WASHINGTON, Aug. 15 (UPI) -- The United States should resist cooperating in the drug war with new Colombian President Alvaro Uribe, because he has been linked to terrorist paramilitary groups and to individuals involved with the drug trade, says a new report by a Washington, D.C. think tank.
Instead, the United States should learn from past mistakes, when it financially supported dubious third-world regimes -- some with terrorist links -- in the fight against drugs, only to realize later that these partners were themselves involved in the drug trade, says, "Unsavory Bedfellows: Washington's International Partners in the War on Drugs," published by the libertarian Cato Institute.
The report also says the United States should reconsider its drug prohibition laws, which it says have been proven "futile and harmful" time after time.
"U.S. leaders have repeatedly worked with regimes that they have otherwise treated as pariahs, including Peru's authoritarian President Alberto Fujimori, the Burmese military junta, Cuban dictator Fidel Castro, and Panamanian strongman Manuel Noriega ... and the most shocking example ... Afghanistan's infamous Taliban government," said Ted Carpenter, Cato vice president for Defense and Foreign Policy Studies and author of the report.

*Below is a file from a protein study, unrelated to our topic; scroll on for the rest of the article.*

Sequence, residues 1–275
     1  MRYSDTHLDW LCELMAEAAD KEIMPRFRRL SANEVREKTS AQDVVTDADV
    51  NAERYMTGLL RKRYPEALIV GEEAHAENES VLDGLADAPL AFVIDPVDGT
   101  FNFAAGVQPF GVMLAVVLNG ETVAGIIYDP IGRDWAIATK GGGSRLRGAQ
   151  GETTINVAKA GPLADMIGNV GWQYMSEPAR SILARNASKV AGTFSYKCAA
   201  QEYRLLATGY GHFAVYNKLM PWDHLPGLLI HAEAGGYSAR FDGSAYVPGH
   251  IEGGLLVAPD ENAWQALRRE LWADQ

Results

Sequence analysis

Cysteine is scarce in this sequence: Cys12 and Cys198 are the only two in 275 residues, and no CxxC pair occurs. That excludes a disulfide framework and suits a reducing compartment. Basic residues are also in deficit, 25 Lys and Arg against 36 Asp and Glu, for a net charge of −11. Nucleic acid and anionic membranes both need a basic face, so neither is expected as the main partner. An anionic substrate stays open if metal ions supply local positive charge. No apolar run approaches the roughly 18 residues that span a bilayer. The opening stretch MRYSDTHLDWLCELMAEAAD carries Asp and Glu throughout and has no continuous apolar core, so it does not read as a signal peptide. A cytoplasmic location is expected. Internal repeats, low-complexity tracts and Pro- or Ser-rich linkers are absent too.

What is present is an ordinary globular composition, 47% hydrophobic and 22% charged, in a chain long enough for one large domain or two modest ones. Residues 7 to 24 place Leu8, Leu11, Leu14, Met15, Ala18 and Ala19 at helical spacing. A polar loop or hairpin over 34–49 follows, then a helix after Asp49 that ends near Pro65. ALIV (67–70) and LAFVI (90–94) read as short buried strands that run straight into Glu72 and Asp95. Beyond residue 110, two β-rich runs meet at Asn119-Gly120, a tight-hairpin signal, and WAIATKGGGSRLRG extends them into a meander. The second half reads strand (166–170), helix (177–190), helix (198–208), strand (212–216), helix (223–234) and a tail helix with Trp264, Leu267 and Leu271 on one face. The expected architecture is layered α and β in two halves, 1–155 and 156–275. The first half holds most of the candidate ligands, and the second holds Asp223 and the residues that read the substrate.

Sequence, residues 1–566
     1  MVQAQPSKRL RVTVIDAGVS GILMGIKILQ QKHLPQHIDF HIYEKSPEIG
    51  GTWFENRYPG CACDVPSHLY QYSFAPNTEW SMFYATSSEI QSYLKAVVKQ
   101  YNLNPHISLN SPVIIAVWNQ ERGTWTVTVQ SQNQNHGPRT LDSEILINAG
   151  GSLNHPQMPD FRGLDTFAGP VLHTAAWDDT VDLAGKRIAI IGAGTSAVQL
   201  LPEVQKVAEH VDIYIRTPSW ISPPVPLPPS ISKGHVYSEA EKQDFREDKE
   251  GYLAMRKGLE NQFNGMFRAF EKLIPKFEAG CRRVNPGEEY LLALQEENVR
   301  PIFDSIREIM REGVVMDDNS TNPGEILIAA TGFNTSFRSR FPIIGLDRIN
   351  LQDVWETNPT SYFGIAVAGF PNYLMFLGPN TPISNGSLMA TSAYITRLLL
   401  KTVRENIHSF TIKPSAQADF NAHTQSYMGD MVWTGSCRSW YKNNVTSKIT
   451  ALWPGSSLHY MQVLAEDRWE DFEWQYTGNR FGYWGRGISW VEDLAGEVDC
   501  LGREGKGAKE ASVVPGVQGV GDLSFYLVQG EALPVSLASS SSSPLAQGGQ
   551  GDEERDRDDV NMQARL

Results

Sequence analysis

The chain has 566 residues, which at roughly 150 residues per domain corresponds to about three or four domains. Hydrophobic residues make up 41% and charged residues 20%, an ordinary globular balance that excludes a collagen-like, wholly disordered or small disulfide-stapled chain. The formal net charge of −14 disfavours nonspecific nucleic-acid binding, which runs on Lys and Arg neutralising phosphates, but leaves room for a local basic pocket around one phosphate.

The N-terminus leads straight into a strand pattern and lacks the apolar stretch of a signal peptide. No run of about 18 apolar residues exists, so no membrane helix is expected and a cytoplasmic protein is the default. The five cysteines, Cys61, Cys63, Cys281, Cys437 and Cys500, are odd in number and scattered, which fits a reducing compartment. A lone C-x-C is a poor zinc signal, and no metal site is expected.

"Ominously, the Bush Administration may be heading down the same path with Colombia's new president, Alvaro Uribe," Carpenter said. "U.S officials are effusive in their praise of Uribe, even though he was openly supported by the United Self-Defense Forces of Colombia, a paramilitary group that is on the State Department's list of terrorist organizations. In addition, one of the new president's closest associates has been accused of involvement in the drug trade.
"Instead of accepting the reality that a prohibitionist strategy is inherently futile, U.S. administrations have compromised important American values and helped strengthen corrupt, repressive governments," Carpenter said.
The report extensively cites Colombia and Uribe as the latest in the long line of pariah regimes with untrustworthy leaders with which the United States has partnered, and strongly advocates a dramatic shift in U.S. drug policy.